Achieving maximum productivity is a constant cycle.
- Analyzing your current habits
- Cutting items out
- Batching tasks together
- Prioritizing the tasks that are going to take you to the next level.
Rinse + Repeat
While you’re never really “done” the process of editing your schedule (more things always seem to show up on your list).
There are systems you can put in place to make it easier to achieve “maximum productivity”.
As a “creative” I THRIVE off of flexibility and do MUCH better when I don’t have a list of “shoulds” hanging over me.
However, I know that flexibility works best when there’s just a little bit of structure.
So when it comes to goal setting, I try to give myself a lot of space to move in different directions, but still have a “Big Picture” plan.
I’ve found this free download from Paper and Oats to be great starting point.
I try to write down one major goal I’d like to achieve - maybe it’s launching a course, or posting everyday on instagram - and that becomes my primary focus for the month.
Only having one major goal still gives me “wiggle room” to try new things or incorporate new ideas into my schedule.
I’m also a big believer in setting goals that YOU have control over.
For example, instead of "I want to grow my email list to X number subscribers."
Say “My goal is to publish 4 content upgrades this month on my blog”.
At the end of the day, you can’t really control getting people to sign up for your list. But you CAN control how many times you publish on your blog, post on social media, and execute on effective strategies that help your list grow.
Here are some tasks you might consider “batching”:
- Writing content
- Client work
- Creating Graphics
- Course creating / digital products
- Scheduling social media
- Taking photos
- Working on emails
Create a Batch Calendar
I’ve seen some people schedule “batching” into different days (Marketing Monday, Admin Tasks Fridays) - but that doesn’t really work for my “creative flow”.
And it’s SUPER important to focus on finding that “flow”.
For example, I’m hyper focused early in the morning - and as the day goes by, I seem to really slow down (especially around mid afternoon). And then, without fail around 4 I suddenly have a second wind.
So, I have 3-4 items on my to-do list each day and break my day into "time blocks" so I have a good amount of time to get each item completed.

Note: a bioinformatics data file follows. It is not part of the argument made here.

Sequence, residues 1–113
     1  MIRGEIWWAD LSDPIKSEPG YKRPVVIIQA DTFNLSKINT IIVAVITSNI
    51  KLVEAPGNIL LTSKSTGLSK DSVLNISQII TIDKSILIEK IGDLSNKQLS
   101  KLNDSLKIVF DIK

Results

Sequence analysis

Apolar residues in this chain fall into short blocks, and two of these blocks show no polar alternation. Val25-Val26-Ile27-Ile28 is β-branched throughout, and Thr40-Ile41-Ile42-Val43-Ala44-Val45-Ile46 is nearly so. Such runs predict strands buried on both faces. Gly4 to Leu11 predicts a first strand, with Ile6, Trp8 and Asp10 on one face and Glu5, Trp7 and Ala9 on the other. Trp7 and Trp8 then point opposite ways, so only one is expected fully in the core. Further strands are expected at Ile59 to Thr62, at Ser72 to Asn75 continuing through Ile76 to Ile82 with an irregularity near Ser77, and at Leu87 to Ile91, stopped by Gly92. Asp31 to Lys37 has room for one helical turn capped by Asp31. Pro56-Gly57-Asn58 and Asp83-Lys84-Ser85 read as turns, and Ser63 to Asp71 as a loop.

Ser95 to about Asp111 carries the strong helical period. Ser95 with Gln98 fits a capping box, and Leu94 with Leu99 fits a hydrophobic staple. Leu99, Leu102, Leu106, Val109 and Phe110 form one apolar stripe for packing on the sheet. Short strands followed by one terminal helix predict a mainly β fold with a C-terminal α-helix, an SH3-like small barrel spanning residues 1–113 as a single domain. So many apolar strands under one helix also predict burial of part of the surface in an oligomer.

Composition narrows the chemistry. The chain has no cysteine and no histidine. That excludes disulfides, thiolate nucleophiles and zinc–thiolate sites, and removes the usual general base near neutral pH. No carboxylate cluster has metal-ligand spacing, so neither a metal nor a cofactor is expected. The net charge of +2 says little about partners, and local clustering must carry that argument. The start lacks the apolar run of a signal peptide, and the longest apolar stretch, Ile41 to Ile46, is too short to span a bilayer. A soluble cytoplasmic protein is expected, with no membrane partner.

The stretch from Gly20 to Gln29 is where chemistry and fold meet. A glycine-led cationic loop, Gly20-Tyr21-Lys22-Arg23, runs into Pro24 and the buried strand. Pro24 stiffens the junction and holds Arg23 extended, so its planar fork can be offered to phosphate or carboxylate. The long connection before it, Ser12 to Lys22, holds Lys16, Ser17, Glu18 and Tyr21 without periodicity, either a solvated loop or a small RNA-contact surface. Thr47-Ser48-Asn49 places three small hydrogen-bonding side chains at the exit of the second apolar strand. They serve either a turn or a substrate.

Here’s what my day might look like:
- Early morning - write a blog post
- Mid morning - designing client work
- Afternoon - client meeting or emails
- Late afternoon - schedule instagram posts
It might work for you better to write blog posts ONLY on Mondays, or have 2-3 days of the week where you only work on client work. Like I said, it’s all about determining your own “creative flow” and for me, I like to mix it up a bit each day :P
What's your “creative flow”? Maybe your rubbish in the morning but LOVE working late at night. Whatever works best for you!
OH, AND - it's totally acceptable to simplify your day, especially if the weather is really great :)
What if I have a full time job and this is my "side hustle"
When I worked on my blog/business after my day job, I would try to only get ONE thing done per day.
I would try to work 1-2 hours in the morning before work and a couple hours in the evening.
I also loved (and still do) having early Saturday morning sessions of work time where I don't get any interruptions!
Carve out a couple of these "sessions" throughout your week and batch just 1 task in each session.
I truly believe that small steps add up over time and if you can conquer a couple tasks each week, by the end of the month it adds up to big progress:)
This is sometimes referred to as the “Pomodoro method”.
I set timers for EVERYTHING.
It especially helps if I’m procrastinating. I can convince myself that if I just write/design/tackle emails/whatever for only 20 minutes then I can take a break.
And then once I get started working, my day goes on with ease. (I seriously always fall for my own tricks!)
Project Management System
There are a million different project MGMT systems out there, and different processes.
I love and use Basecamp for nearly everything. I have all of my client projects on Basecamp, my own blog/website and I'm even planning my wedding using Basecamp, ha!
I would LOVE to do a meaty post about how I manage projects, because I think I have it down to a science :)
But for now, here’s a quick sneak peek:
At the start, I always create todo lists - these evolve as the project goes on, but it's a great starting point.
First I break the project into “Phases”. Typically:
- Brand Identity
I also create a to-do list called “feedback” so when my client logs on, they can easily see what their current focus is and it keeps the project moving smoothly.
You can create these "phases" for anything - your blog, course creation, client onboarding, etc!
- Set goals you have control over the outcome
- Batch everything
- Find your creative flow
- Set timers
- Utilize tools and systems to make it easier
- Don't forget to give yourself free time because, self-care!!!